Interview with a physiotherapist: Obstacles and opportunities in the industry

"Digitalization in the healthcare sector is offering us physiotherapists more and more opportunities" - Fabienne Büchi, physiotherapist at NextLevel-Physio.

02/15/244min read
    Fabienne smiling.

    Motivational tips, cruciate ligament ruptures, tariff intervention and digitalization: in this interview, Fabienne Büchi gives us a glimpse into her everyday life as a physiotherapist and reveals her views on the future of physiotherapy. 

    Please tell us something about yourself, Fabienne.

    My name is Fabienne, I'm 31 years old and I've been working as a physiotherapist in Zurich for almost eight years. I completed my Master of Science in Physiotherapy in 2019, specializing in musculoskeletal health, internal medicine and neurology. As a passionate sportswoman, I inevitably gained experience with injuries, but this led me to the fascinating world of medicine and ultimately to physiotherapy. As a physiotherapist, I value directly improving people's wellbeing and quality of life, which allows me a fulfilling role in their recovery process.

    What does a typical day as a physiotherapist look like?

    My day usually starts with some administrative work. I sit down at the laptop, check emails and missed phone calls and see if there are any open messages that need to be answered. And then the first patient usually arrives. I start with the treatments and then one patient follows the next. In between, I document what has been done during the therapy. It goes on like this - all day long.

    How many patients do you treat per day and how much time do you have per patient?

    On a normal working day, I treat an average of 15 patients. However, it often happens that there are more than 15 a day, so that we can accommodate all patients. I have 30 minutes per patient, which is pretty luxurious when you consider that a session at other practices usually only lasts 20-25 minutes. 

    Fabienne at NextLevel-Physio.
    As a physiotherapist, Fabienne makes a significant contribution to her patients' well-being and quality of life.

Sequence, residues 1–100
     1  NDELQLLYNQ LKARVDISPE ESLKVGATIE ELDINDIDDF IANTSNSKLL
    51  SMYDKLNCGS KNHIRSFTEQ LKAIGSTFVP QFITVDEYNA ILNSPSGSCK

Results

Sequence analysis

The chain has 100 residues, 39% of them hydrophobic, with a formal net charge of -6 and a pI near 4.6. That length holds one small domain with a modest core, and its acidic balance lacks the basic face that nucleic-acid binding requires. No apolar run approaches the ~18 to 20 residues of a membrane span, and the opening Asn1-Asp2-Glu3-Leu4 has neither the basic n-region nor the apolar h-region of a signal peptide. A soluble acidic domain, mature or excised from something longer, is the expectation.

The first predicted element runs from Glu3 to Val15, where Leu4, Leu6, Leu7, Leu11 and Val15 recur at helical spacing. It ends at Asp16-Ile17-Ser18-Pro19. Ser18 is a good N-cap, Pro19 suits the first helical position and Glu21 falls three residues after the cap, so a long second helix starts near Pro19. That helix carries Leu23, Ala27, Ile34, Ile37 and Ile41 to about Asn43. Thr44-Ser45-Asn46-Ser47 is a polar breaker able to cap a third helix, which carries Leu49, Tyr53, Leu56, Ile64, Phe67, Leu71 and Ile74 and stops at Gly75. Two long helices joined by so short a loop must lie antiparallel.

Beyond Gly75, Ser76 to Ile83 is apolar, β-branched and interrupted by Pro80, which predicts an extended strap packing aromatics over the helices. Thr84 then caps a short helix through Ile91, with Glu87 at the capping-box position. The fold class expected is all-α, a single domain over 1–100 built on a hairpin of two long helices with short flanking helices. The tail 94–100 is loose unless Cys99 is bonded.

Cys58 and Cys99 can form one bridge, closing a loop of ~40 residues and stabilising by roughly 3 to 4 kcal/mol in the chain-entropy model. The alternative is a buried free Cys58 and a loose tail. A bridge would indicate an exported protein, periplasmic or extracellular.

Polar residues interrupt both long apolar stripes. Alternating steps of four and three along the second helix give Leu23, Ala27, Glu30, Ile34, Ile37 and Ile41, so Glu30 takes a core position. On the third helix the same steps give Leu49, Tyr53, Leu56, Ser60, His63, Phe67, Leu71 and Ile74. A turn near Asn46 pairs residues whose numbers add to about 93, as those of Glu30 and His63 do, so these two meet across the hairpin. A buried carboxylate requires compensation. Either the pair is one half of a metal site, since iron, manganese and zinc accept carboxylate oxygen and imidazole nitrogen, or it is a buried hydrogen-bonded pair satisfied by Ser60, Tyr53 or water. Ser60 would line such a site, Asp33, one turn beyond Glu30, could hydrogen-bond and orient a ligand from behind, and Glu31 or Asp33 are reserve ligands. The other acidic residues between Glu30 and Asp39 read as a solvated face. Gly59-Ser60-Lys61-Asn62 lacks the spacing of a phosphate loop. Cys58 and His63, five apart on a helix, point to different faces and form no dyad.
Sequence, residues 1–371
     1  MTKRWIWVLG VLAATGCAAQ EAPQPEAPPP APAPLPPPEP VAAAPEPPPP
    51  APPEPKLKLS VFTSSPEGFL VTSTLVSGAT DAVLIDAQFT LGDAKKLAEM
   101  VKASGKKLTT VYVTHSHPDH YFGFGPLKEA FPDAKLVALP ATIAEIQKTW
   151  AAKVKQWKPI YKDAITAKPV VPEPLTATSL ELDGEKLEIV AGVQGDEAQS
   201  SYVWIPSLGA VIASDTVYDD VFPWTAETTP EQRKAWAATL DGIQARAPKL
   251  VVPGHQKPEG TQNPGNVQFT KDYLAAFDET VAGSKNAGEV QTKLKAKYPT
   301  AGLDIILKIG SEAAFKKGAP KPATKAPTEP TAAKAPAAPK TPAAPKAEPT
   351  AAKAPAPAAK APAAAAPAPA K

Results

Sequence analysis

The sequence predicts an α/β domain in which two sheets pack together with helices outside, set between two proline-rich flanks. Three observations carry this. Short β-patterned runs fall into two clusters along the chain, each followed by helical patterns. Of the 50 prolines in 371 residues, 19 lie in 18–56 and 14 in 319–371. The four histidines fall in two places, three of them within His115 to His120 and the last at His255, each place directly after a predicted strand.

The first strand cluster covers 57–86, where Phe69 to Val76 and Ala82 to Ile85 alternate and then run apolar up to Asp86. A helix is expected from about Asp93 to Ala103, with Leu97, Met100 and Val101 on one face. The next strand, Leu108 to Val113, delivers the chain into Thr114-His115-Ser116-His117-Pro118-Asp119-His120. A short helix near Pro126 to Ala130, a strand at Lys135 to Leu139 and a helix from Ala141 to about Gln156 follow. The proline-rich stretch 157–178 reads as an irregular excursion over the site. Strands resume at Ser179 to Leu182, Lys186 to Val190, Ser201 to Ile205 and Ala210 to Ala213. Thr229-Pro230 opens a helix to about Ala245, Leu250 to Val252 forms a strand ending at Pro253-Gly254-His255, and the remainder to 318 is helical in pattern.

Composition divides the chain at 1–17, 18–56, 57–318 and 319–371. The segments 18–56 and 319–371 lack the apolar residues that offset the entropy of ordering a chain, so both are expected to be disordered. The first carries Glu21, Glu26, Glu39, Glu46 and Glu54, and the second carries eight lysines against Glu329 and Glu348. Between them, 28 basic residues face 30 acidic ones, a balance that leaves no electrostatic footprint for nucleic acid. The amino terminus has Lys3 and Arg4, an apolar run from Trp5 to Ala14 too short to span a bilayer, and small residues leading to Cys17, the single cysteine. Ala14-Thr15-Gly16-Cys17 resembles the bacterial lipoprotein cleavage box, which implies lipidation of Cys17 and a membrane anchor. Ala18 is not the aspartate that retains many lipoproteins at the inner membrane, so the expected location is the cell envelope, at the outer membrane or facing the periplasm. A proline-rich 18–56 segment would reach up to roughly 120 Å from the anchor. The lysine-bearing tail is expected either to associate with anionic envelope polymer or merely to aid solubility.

What is it like to work as a physiotherapist in Switzerland and what is the current situation in the healthcare system?

    In my view, physiotherapists are still very much in demand, which is why we are very busy. You can tell from our interactions with patients that the work we do is relevant and valuable. What is somewhat problematic, however, is the fact that fewer and fewer people are choosing to become physiotherapists and we are therefore suffering from a shortage of qualified professionals. Unfortunately, the physiotherapy sector is under a lot of pressure. Many therapists are unable to work until they retire under these circumstances, and many only work part-time.

    Something that is currently of great concern to the physiotherapy world is the question of what will happen to our tariff system and what politics will do to our profession. The Federal Council's intervention will tighten the tariff system, which could mean big losses for physiotherapists. 

    A very modern topic that is coming up more and more is digitalization in the healthcare sector, which is slowly but surely affecting us physiotherapists more and more and offering us new opportunities.

    What are the most common illnesses and injuries of your patients?

    I treat a lot of cruciate ligament patients, i.e. tears to the cruciate ligament and meniscus caused by accidents. Shoulder injuries are also very common. Another large proportion of patients are affected by very complex clinical pictures, i.e. these are not typical injuries or illnesses, but chronic pain patients who therefore require complex treatment.

    Fabienne preparing the practice for the next patient.
    It can be challenging to motivate patients to continue therapy at home.

    Do your patients do the exercises you show them in therapy at home?

    It would be nice (laughs). No, in principle the patients do the exercises, especially if they are suffering enough. However, there is a risk that they don't stick with it long enough and lack the motivation to continue exercising consistently at home. 

    And what tips and tricks do you give them to help them achieve their therapy goals?

    I try to provide them with exercises that make sense to them. Because if you understand the exercise, it's much easier to do it by yourself and have a sense of achievement when training at home. This motivates you to stick to the plan.

    A second trick is to cleverly incorporate the exercises into everyday life. For example, you can practice a one-legged stance while brushing your teeth, which kills two birds with one stone.

    Last but not least, it's a good idea to write a timeslot in your diary that you reserve for training. This not only serves as a reminder, but also helps you to feel more committed to training at home.

    Fabienne in the gym.
    As a sport enthusiast, Fabienne also deals with the function of the musculoskeletal system in her leisure time.

    Let's move on to the last question: Where do you see physiotherapy in 5-10 years' time?

    I think that depends to a large extent on how society develops in the future, including politics in the healthcare sector and specifically physiotherapy. Personally, I hope - or wish - that we as physiotherapists will significantly expand the holistic approach once again and that we will work together more at various levels.

    I would also like us to make more use of digitalization tools, such as software that can further support patient motivation. Us physios don't have to do it all on our own - especially in this day and age, when everything is possible.

    02/15/244min read

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